现在我正坐在这里，望着外面滴着雨的橡树。昏暗的下午渐渐变成了阴沉的黄昏。我不想在家里的小挪威炉子里生火，书桌冻得瑟瑟发抖。我的精神像傍晚一样阴沉，像房间一样发冷。去他的 “ 罗马火箭 ”，自己一直说个不停，去他的讨人厌的小野猫、“ 公民 ” 和 “ 城市 ” 理论。他让我觉得自己又老了10岁---走出城市，背井离乡，不勇于坚定自己的信仰，不能心安理得地过自己选择的生活。
Tonight, unless Ruth's headache alter the plan, I suppose I will have to read another installment of the journals of Joseph Allston, 1954. I am not sure I like Ruth's prescription any better than I like Cesare's, and I find that I resent the assumption both of them make, that I have stopped, and am in need of repair. It irritates me to have people blowing out my gas line and testing my sparkplugs and feeling all over me for loose wires. I suppose Ruth thinks of me as that melancholy Half-Dane in need of comforting and mothering; maybe she also thinks of my life, which is also hers, as a sort of in-house soap opera. Butt mainly she yearns over me and knows things that I should do to become her old nice funny Joe again.
I can't see that Danish episode as an adventure, or a crisis survived, or a serious quest for anything definable. It was just another happening like today's luncheon, something I got into and got out of. And it reminds me too much of how little life changes: how, without dramatic events or high resolves, without tragedy, without even pathos, a reasonably endowed, reasonably well-intentioned man can walk through the world's great kitchen from end to end and arrive at the back door hungry.
We parted, mutually complimentary. He went away somewhere, and I rang the bell and was admitted by the brawny maid, who was obviously agitated. I couldn't understand a word of her Danish, but she kept looking up the stairs, so I started up, to be met halfway by Ruth, crying, Oh, where have you been, I've been going out of my mind! You shouldn't have stayed out so long, what have you been doing? Etc. Turns out the old countess was no sooner steered back to her rooms than she had a seizure of some kind, stroke, heart attack, nobody seemed to know. She might be dead or alive at this moment. Manon and the countess were with her, dinner was canceled, they would send something up.
我们相互恭维了几句，才告了辞。我不知他回了哪里，我按了城堡的门铃，一位体格健壮的女仆给我开了门。很明显，她显得很烦躁。我听不懂她的丹麦话，但她一直向上瞅着楼梯，所以我上了楼。半路，碰上嘎咽的露丝，叫嚷着 “ 啊，你去哪儿了？我找你找得快发疯了。你怎么出去这么久?你干什么去啦?”等等之类的话。听说，老女伯爵一回到她房间，就中了风，又或者是心脏病就发作了，没人知道究竟是什么病。这会儿，她不知是死是活。玛农和女伯爵陪着她，晚餐取消了，稍后，仆人会送一些晚饭到楼上。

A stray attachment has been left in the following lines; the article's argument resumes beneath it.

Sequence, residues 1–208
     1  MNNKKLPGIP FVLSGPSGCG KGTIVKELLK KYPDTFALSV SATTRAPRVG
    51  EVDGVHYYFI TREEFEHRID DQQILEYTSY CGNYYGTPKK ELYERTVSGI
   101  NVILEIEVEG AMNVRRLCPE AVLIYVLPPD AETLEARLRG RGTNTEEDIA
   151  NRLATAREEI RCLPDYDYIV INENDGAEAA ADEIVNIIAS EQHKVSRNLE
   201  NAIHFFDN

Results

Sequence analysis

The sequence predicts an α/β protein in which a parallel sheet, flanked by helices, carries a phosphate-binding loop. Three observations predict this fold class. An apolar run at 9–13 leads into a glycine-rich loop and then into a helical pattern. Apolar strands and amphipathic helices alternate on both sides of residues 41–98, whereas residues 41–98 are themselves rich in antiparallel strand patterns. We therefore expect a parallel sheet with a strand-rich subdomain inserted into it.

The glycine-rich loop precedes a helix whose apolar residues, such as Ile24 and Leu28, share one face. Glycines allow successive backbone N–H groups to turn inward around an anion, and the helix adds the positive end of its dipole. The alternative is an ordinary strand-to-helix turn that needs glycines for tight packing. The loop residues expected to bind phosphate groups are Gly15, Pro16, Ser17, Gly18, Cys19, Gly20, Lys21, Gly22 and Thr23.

In the circumstances I didn't want to ring for ice. We had a couple of warm scotches and water while I told her what I had been doing, and with whom. She looked at my hand and my skinned feet and lamented. She wondered that I hadn't had a heart attack, what on earth was I thinking of, how could I dream of playing tennis, the way I had been feeling? Shortly the maid knocked and wheeled in a tea cart with dinner on it, and a good dinner, too, with a good cold bottle of Mosel, and over it we speculated a long while about this feud between the countess and her brother, and about Miss We ibull, and discussed my adventures down the lane and among the fields and woods and on the courts of honor.
We kept expecting the countess to come and let us know what was going on, but it got to be ten-thirty, and then eleven, without a sign of her. Ruth kissed me a trembling, helpless kiss and went off to her canopied four-poster and after a while I heard that she was asleep.
And here I sit; with thirty great wounds, of the least of which an emir world have died, scratching in a God damn notebook. Why? Do I think I'll forget this? I can smell the lilacs that breathe up through the open casements, and watch the moonlight chase timidly back and forth across the Aubusson rug, advancing to Ruth's bed, scurrying back, creeping out again. Outside it is not really dark; we are getting close to the time of the white.nights, when there is no true darkness, but only some hours of dusk. The sky now is either filled with moonlight or is the same predawn gray that it was when I looked out before going to bed.
The moonlight ventures out, reaches, stretches, dimly trembles on the bedclothes, on the darkness of Ruth's hair; the paleness of her face. I hope she is dreaming something gorgeous, her first night in an authentic castle.